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Helping Students Learn Skills and Maintain Balance

The Boys & Girls Club of America (BGCA) has a long history of connecting with and improving opportunities for adolescents across the country. Now, the organization is teaming up with retailers to place more young people in reliable, flexible jobs. The partnerships provide young people with the skills they need to land and succeed in their first jobs. The local branches “provide career exploration to help young people make decisions for their choices as well as learn what it means to be successful in the workforce,” said Terri Fishback, Senior Director of Youth Development Strategy Execution & Youth Development Operations at BGCA. The program teaches young people interviewing, organization and creative reasoning skills. The program, called “This Way Ahead” has trained and placed 3,800 low-income teens in retail internships, 75 percent of whom received part-time job offers following completion of the internship.

Initiatives focused on employment for young people provide stability in more ways than one. While supporting desires to contribute to their own families and get a head start on skill development, such programs also develop the ability to help build larger communities, providing both an immediate benefit and long-term payoff. When young people begin developing a foundation of practical skills, they are better equipped to take on the communication, critical thinking and problem-solving needed to execute them.Such capabilities are readily transferable across academic, professional and personal roles..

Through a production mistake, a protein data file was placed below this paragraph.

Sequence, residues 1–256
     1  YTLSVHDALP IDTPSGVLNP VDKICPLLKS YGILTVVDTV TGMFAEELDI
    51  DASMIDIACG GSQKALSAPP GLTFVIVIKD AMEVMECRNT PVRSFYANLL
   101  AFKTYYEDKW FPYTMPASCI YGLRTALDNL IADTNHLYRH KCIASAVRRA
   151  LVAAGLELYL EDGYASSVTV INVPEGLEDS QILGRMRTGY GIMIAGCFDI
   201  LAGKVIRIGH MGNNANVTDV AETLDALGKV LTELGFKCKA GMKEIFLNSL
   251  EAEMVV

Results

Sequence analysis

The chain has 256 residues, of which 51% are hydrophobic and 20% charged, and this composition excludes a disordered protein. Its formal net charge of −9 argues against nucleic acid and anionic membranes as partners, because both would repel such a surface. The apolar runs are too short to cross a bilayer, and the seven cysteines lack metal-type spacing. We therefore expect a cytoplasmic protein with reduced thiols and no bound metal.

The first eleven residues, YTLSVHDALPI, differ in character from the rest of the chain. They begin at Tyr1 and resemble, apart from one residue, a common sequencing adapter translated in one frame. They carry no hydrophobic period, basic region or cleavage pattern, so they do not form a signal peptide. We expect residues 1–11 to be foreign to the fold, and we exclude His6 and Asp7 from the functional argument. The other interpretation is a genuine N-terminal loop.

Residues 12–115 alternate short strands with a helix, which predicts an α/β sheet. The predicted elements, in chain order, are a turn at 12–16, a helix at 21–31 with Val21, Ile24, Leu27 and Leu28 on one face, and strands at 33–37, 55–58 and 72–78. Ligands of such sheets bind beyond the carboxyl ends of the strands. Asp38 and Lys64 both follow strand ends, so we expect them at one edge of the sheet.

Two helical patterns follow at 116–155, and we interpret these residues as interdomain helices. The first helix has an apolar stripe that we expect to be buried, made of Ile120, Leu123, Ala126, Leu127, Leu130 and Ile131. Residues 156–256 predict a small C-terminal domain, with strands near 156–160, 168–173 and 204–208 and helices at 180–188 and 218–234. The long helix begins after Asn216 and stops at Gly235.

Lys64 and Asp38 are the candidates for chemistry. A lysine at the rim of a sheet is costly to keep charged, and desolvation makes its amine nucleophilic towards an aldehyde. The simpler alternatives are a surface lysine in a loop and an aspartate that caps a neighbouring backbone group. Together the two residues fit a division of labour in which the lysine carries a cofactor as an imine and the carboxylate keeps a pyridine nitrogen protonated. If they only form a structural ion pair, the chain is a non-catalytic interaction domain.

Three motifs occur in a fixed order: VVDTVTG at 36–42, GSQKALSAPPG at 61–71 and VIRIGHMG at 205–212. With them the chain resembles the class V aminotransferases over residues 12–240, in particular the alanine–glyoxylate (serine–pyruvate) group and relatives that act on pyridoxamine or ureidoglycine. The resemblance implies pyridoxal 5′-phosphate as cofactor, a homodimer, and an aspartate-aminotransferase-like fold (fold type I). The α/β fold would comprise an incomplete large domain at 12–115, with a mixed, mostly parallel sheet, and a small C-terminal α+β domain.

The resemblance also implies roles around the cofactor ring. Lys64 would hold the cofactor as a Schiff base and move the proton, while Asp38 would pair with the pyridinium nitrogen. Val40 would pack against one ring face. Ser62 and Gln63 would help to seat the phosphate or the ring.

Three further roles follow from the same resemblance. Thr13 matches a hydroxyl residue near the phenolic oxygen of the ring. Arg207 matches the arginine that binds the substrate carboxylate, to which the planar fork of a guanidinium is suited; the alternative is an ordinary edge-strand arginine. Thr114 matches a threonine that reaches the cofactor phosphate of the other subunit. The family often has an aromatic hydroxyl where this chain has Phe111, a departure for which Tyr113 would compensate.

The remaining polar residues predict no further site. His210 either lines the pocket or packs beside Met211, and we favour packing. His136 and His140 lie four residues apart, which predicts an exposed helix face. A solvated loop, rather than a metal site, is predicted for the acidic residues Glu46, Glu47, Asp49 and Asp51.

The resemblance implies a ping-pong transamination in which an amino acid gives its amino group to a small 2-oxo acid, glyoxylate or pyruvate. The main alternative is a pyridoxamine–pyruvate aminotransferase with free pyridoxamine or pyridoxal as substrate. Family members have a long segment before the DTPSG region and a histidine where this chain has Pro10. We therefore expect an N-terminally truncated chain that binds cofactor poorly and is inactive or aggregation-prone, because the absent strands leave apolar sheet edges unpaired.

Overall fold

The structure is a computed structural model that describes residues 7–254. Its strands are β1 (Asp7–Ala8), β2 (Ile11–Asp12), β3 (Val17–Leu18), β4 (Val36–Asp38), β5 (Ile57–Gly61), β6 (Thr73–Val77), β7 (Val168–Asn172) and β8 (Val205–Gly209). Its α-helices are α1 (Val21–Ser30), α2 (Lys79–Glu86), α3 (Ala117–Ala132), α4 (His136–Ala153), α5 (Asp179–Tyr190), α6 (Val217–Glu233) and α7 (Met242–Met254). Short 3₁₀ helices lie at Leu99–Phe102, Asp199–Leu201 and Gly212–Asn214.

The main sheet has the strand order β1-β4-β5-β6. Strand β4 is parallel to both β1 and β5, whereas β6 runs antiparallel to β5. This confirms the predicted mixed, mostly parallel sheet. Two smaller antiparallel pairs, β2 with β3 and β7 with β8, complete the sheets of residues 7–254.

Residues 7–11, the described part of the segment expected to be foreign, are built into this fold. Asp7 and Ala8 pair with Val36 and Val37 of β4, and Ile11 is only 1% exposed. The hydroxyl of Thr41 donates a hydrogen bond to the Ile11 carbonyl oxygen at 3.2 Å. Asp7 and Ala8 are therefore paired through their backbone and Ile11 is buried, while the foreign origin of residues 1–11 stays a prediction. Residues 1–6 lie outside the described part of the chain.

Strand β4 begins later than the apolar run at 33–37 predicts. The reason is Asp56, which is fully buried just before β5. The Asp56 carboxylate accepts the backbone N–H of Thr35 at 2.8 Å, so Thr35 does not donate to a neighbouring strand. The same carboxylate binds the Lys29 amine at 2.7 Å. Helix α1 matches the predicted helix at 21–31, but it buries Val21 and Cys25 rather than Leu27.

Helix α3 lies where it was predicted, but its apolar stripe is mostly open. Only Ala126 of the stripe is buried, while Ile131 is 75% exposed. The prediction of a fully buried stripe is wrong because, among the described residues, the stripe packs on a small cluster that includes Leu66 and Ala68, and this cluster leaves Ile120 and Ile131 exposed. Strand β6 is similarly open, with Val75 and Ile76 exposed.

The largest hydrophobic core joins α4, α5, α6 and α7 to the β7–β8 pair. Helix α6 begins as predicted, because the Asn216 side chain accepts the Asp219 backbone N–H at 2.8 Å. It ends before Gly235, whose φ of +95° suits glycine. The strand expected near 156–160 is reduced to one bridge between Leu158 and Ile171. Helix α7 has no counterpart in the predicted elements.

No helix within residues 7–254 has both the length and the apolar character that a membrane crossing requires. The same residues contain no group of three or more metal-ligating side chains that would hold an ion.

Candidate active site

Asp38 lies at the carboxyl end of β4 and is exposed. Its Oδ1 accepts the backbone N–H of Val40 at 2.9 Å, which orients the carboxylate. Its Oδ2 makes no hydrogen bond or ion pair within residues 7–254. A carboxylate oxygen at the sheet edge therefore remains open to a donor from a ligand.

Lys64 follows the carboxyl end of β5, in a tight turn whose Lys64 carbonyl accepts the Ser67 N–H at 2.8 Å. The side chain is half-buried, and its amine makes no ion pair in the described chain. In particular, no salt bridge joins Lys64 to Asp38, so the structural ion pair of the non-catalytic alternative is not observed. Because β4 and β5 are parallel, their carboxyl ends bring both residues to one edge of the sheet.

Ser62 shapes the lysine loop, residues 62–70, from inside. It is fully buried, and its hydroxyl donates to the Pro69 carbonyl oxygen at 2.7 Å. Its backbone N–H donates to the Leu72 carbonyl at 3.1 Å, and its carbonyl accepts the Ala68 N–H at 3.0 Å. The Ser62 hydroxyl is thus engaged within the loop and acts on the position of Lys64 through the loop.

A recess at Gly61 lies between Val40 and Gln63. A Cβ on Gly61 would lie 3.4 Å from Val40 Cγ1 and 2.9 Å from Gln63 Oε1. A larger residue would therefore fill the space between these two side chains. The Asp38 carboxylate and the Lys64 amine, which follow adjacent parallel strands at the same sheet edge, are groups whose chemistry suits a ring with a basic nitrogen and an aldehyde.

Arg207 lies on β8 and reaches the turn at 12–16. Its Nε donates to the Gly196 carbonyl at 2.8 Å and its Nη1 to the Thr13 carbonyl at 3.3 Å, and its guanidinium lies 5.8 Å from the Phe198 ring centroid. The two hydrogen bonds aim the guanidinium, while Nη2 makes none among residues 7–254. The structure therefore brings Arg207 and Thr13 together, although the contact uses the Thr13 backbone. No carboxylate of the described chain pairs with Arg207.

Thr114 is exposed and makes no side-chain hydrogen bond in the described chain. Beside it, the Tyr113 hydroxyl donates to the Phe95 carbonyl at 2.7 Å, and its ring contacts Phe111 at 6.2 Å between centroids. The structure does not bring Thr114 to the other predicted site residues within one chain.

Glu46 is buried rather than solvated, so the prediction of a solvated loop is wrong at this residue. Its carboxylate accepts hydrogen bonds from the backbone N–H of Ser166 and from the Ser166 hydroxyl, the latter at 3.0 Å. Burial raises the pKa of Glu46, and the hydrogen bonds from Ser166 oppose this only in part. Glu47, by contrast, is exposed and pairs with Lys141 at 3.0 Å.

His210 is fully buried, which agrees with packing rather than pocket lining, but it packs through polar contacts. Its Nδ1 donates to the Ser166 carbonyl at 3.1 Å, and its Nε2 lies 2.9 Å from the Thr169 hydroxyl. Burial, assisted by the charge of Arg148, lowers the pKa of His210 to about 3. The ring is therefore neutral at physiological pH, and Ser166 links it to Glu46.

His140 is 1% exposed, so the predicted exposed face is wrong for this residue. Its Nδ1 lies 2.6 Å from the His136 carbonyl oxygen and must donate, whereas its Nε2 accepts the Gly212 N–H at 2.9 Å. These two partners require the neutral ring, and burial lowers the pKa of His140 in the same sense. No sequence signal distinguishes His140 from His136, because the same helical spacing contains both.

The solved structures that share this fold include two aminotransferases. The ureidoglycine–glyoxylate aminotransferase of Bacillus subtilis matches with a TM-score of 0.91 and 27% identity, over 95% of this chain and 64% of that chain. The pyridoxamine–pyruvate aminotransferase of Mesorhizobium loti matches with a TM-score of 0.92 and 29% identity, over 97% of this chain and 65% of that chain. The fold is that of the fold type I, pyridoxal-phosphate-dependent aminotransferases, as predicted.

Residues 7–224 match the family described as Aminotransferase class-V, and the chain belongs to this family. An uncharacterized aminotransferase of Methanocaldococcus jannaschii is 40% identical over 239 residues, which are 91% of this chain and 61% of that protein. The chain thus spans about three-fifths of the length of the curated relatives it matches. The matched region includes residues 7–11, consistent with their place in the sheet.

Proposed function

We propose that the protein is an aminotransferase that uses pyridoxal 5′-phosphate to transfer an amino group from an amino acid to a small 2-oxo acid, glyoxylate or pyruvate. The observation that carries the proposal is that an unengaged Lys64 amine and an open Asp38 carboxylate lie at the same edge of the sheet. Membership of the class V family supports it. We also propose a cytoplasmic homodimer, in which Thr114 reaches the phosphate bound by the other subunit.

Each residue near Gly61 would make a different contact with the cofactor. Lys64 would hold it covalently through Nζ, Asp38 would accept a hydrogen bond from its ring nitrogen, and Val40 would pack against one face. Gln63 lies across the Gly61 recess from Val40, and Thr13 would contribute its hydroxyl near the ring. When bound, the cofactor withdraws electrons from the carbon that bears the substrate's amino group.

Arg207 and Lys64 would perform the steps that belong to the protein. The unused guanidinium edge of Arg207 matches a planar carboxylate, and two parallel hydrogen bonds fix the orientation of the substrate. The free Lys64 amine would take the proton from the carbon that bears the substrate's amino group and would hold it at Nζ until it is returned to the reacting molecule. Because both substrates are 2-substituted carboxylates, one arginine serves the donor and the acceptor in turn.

The young people enrolled in the program with BGCA are “learning skills during the day, reinforcing them at the club after school and then applying them at the job opportunity,” said Fishback. It is the “full approach” to developing knowledge experience in both careers and life.”

It is imperative that programs designed for young people also support a balance between work and academics. To accommodate the students, retail partners are flexible with hours and do not ask students to work more than 20 hours a week, as doing so can be detrimental to students’ academic careers. But with a healthy balance, incorporating work into young people’s schedules can improve their academic development. “This Way Ahead” program graduates stay with the retail company they intern with twice as long as their peers. In addition, program participants report higher engagement scores than their co-workers. 

Zoe Alexander, [email protected]

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